She is crying out of deep pain, and as anyone with deep pain knows, it is hard to focus on anything but the pain of that moment.
There have been studies done on the effect of grief on people, and brains shut down to
their very basic functions when faced with such extreme emotions.
Unnecessary tasks are nearly impossible to do, and it is easy to forget simple things due to
the impact of grief on the brain.
This impact on brain function also accounts for her inability to recognize Jesus because
she is operating in survival mode.
Her one source of hope comes from her ability to honor his body for his burial, and her grief
would be compounded by losing that ability. 1. She doesn’t care about anything in this moment except knowing where Jesus’s body is.

Mary recognizes Jesus when he speaks her name

a. When her name is spoken there is a powerful moment of recognition.
Being named by Jesus has power.
Jesus sees her, knows her, and calls out to her. She is not just another person grieving; she is his disciple whom he loves.
b. It is out of her naming and recognition of Jesus that she is told to go.
She is now given the name of evangelist as Jesus tells her to tell the others.
She is given a task that wouldn’t have been given to women because their testimony lacked credibility.
iii. She is no longer just Mary; now she is Mary who has seen the risen Christ, Mary the evangelist.

The way to resurrection is through death.

a. Living the resurrected life means walking the hard road to the cross.
i. This means laying down our greed, selfishness, pride, etc.
ii. This also might mean laying down our very lives for those around us. iii. It means doing hard things and going to unexpected and hard places. b. We go into the worst places of the world trusting the hope of resurrection.
The resurrection community does not fear the worst places but seeks to bring hope into them.
The resurrection community finds the darkest and most dangerous places of the world to cast the light and life of resurrection.
The resurrection community knows that in the power of the Spirit, they can do hard things.

There is resurrection for the dead places of our hearts and of our world

a. There is resurrection in all circumstances. i. For places embroiled in racism, sexism, and any form of hate, there is resurrection.
ii. For places consumed by poverty and hopelessness, there is hope in the resurrection. iii. For places battling drought and disease, there is resurrection hope.
iv. For places overcome by violence, there is resurrection.
b. As the resurrection community, we are the ones who are called to go.
i.Even when it is hard and difficult.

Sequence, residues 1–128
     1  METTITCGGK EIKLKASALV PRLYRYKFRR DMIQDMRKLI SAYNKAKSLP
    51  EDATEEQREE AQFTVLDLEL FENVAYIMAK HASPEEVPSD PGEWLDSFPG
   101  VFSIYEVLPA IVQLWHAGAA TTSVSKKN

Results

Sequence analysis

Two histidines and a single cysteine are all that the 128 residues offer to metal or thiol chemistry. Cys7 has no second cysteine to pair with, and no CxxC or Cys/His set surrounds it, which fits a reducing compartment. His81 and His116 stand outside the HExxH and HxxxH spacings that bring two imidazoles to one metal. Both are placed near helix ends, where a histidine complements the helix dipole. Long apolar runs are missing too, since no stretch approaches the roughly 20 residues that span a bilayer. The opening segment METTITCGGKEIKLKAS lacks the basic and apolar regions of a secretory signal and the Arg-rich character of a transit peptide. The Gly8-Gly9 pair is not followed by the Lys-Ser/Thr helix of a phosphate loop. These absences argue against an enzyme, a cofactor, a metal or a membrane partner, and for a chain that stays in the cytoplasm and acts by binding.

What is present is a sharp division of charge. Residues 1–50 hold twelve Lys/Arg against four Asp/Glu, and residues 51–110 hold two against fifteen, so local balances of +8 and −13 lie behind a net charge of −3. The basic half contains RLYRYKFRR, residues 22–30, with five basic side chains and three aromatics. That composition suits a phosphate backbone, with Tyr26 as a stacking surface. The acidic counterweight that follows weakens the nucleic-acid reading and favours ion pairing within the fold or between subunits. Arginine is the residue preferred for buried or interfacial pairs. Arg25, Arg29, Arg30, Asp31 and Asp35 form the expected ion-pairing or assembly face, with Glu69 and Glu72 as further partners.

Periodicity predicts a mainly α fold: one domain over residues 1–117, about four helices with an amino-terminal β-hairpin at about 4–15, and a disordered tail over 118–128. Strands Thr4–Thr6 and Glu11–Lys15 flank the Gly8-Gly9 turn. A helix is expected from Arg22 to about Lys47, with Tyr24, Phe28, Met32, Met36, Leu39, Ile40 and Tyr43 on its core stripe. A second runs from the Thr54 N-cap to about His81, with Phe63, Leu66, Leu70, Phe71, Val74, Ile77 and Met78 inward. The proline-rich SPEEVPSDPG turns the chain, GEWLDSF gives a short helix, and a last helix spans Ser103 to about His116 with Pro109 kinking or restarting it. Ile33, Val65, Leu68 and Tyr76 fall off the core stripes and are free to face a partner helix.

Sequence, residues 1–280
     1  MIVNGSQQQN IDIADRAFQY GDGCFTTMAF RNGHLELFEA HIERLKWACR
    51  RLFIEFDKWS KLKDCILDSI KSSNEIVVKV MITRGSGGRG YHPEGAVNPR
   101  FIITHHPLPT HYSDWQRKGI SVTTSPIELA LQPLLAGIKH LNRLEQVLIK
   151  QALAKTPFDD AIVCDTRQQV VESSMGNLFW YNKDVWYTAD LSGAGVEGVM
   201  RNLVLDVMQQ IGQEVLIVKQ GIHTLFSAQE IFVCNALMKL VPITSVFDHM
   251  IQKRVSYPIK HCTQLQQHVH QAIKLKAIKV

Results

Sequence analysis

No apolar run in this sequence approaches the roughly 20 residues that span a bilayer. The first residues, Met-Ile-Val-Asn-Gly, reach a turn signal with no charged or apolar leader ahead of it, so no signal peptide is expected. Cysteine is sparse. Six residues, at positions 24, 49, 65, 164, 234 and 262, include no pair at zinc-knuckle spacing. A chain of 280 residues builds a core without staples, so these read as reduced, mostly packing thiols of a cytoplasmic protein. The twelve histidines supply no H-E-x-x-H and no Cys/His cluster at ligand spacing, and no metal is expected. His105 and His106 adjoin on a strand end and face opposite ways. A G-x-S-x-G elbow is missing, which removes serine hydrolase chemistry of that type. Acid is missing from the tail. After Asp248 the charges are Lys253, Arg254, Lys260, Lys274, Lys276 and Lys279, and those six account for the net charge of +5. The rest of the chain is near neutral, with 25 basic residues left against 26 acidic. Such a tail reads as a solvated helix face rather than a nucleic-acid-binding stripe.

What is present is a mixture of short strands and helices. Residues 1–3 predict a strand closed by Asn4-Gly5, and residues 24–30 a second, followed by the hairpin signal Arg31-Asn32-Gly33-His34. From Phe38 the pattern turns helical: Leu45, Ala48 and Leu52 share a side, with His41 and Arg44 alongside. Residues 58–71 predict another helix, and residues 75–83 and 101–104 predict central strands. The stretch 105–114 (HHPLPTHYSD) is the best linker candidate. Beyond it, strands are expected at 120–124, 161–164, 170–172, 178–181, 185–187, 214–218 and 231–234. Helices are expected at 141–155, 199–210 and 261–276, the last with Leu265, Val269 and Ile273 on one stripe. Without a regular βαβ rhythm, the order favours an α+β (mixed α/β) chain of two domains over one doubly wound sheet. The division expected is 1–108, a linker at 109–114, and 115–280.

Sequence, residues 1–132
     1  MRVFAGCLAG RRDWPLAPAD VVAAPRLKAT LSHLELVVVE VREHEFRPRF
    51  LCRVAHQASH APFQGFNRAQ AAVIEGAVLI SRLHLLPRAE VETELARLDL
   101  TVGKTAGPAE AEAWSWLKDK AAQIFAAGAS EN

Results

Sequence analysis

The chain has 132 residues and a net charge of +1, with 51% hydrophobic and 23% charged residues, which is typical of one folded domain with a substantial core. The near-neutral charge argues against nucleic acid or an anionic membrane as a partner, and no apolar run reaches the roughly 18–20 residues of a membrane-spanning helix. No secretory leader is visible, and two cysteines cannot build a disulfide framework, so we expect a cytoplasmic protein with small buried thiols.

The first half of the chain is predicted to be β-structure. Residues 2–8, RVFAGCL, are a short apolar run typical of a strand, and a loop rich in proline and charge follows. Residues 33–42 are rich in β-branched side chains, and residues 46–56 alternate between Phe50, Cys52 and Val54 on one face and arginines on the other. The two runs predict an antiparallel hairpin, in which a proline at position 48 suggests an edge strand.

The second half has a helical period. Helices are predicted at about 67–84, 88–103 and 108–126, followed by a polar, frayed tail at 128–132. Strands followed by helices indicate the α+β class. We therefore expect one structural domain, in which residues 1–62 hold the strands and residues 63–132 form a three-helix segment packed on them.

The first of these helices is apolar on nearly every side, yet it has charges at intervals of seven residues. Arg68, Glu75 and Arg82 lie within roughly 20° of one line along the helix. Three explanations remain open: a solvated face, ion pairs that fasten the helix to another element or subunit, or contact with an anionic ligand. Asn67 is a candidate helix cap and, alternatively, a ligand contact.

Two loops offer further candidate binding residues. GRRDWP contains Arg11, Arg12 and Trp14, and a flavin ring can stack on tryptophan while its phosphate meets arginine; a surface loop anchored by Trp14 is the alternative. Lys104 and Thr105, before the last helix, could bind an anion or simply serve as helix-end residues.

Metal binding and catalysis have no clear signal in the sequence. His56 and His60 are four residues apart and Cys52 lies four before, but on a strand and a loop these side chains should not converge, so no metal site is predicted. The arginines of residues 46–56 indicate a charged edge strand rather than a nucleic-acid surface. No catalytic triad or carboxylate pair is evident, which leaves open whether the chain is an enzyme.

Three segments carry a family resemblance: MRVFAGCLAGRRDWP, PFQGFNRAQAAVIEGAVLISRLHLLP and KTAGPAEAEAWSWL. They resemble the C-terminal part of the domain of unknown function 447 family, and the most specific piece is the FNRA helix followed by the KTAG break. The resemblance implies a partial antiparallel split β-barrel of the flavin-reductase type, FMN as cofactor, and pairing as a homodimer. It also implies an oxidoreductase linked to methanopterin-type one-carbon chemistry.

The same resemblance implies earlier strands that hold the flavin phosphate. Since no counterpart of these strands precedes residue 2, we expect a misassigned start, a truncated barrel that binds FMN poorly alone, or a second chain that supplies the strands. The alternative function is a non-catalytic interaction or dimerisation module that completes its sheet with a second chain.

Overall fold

ii. The gifts of the body multiply our work. iii. We are not abandoned but are gifted by the Holy Spirit.
iv. We declare through our lives, our words, and our actions that even the most forgotten places, even the worst places, can be redeemed.

Jesus sends Mary and Us

a. We are called to be a resurrection community.
We, like Mary and the disciples, are called out of sin and death.
We live in hopeful expectation that, just as Christ was raised, we too will be raised.
With that hope, and in that hope, we go like Mary to share the news of the risen Christ and the hope of resurrection life with the world.
b. We find the dead places of the world and breathe resurrection into them.
We join the Holy Spirit in the work of sowing seeds of resurrection.
We walk boldly, despite the dangers that might exist, to share with those who haven’t heard yet.
We illuminate dark places with light.
We find those who are locked in rooms in fear, like the disciples, and we share with them the news that they do not need to live in fear.

Our baptism reminds us that we are a part of the resurrection community

Baptism is the initiating act into the community of resurrection.
The water illustrates cleansing but also being brought out of death and into life.
When we baptize others, we are welcoming them into this community to be people of the resur- rection, but we also remember who we are, that we are people of the resurrection and a part of this community.
We are the community of the resurrection. Knowing Jesus was alive was not enough for Mary. She was sent to share the good news with the world. We remember and celebrate that Christ is risen this morn- ing, but it is not enough for us to celebrate here in this space. We, like Mary, are told to go and tell the others. We are called to breathe resurrection, to live resurrection, to sing resurrection, to do the work of resurrection in the world, that the dead places might come to life and that we might see others join in this community of hope, the community of the resurrection.